Tags: GOP | Gripes | About | John | McCain | Music | Ears

GOP Gripes About John McCain Music to My Ears

Wednesday, 20 September 2006 12:00 AM

There's nothing I like better than listening to Republicans talk about John McCain. The more conservative the Republican, the better. If they're part of the religious right, it tends to be particularly good. I'd go so far as to say it is music to this liberal's ears. Especially this week.

The truth is, many Democrats are afraid of McCain. Everything conservatives don't like about him, we respect. That streak of independence. Standing on principle. A list of accomplishments that sets him off from other Republicans. We know he's much more conservative than many people think, but because he's principled he appeals to people who would otherwise never be drawn to a conservative.

I was with my good friend Hugh Hewitt this week at California Baptist University to discuss the Constitution, but what really struck me was hearing Hugh tick off the list of McCain's insults to conservatives:

And that doesn't count running against George Bush in a bitter, bitter contest in 2000 and flirting with John Kerry about the vice presidency in 2004. The latter totally annoyed Republicans.

So while conservatives appreciate McCain's support of the Iraq war and acknowledge his popularity, give them the slightest provocation, the littlest scratch, just a small invitation, and out it comes.

They have a whole litany against him. This reconciliation business is skin deep.

They hate him.

What a relief.

Hugh isn't the only one. Rush is railing against him. The Manchester Union Leader is condemning him on its editorial page. It is open season on McCain. A compromise may be in the works, but until the ink is dry, the cat is out of the bag - and in a big way. It sure doesn't take much. There is plenty of ill will to be tapped.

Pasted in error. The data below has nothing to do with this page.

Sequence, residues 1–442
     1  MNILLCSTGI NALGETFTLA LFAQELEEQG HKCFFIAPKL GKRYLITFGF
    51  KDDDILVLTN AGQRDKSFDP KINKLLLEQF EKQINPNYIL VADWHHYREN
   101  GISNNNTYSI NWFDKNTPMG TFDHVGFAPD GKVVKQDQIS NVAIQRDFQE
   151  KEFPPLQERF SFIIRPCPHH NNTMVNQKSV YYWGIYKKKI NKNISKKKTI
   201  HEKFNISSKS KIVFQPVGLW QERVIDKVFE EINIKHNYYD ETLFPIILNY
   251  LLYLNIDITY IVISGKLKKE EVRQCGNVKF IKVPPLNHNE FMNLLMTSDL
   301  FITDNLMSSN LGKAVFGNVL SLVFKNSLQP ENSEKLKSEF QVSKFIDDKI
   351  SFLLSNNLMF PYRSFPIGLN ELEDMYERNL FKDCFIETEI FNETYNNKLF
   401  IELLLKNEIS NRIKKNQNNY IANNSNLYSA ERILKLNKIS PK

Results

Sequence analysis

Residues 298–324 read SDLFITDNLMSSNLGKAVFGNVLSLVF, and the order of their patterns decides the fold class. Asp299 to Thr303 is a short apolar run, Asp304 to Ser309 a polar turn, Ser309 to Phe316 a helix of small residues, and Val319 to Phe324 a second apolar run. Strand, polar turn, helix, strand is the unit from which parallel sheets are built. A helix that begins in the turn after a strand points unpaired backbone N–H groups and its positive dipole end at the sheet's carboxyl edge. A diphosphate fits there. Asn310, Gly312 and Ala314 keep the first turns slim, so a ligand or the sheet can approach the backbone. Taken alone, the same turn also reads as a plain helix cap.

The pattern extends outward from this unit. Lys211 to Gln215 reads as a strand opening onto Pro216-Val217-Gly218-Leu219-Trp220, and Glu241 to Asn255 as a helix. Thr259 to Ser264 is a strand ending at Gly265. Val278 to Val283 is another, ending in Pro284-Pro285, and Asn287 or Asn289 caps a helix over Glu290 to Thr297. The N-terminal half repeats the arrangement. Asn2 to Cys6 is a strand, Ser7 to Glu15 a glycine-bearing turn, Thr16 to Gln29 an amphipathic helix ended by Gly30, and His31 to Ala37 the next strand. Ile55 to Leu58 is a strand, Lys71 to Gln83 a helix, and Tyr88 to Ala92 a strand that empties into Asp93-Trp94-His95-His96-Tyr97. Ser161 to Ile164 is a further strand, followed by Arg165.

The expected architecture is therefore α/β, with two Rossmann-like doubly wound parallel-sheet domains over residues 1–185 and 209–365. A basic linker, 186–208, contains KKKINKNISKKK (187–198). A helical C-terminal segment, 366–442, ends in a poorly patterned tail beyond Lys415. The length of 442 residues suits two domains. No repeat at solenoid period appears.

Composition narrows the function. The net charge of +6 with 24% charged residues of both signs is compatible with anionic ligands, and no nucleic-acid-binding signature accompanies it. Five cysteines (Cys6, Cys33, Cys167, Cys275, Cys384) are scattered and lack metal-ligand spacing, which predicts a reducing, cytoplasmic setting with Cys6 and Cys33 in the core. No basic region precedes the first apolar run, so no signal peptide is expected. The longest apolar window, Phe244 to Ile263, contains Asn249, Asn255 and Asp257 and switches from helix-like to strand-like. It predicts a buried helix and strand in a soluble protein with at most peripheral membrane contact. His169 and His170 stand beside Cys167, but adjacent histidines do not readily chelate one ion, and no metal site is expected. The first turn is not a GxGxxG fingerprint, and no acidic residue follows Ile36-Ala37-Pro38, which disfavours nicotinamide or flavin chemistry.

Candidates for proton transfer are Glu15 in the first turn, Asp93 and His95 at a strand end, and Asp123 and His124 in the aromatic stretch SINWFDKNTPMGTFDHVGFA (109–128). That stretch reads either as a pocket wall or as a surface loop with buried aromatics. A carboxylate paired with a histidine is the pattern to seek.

This raises a fundamental question:

Will a party nominate a candidate who is hated by a significant chunk of its activist base?

The answer, at least in recent times, seems to be qualified, maybe, only in the case of an incumbent president, but never in the case of a wide-open field. And so there is the example of the Republicans picking Gerald Ford over Ronald Reagan, or perhaps even the democrats picking Jimmy Carter over Ted Kennedy, but would they have picked Hubert Humphrey over Bobby Kennedy? Not likely.

Of course, as my father used to say, you can't beat a horse with no horse. George Allen, once the darling of conservatives, will be lucky to survive with his Senate seat. Toast.

One man to watch in this is Massachusetts' Mitt Romney, who has positioned himself foursquare behind the president on the military tribunal issue. In modern presidential nominating politics, there are two very good ideas for winning the nomination: winning Iowa and winning New Hampshire. Romney, as governor of Massachusetts, is well-positioned in New Hampshire. He's smart, attractive and positioned right (literally) on the issues, unlike the other Northeasterner in the race, former New York Mayor Rudy Giuliani. But is America ready for a Mormon president? Are Christian conservatives?

The conventional wisdom among optimistic Republicans was that beginning with 9/11, the Republicans were beginning to turn things around, to build a head of steam on the terrorism issue, and that unfortunately McCain and the Gang of Four have stopped their momentum dead in its tracks. They might be right, at least about any momentum stopping. It makes them even madder at McCain. I couldn't be more thrilled.

COPYRIGHT 2006 CREATORS SYNDICATE INC.

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There's nothing I like better than listening to Republicans talk about John McCain. The more conservative the Republican, the better. If they're part of the religious right, it tends to be particularly good. I'd go so far as to say it is music to this liberal's ears....
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2006-00-20
Wednesday, 20 September 2006 12:00 AM
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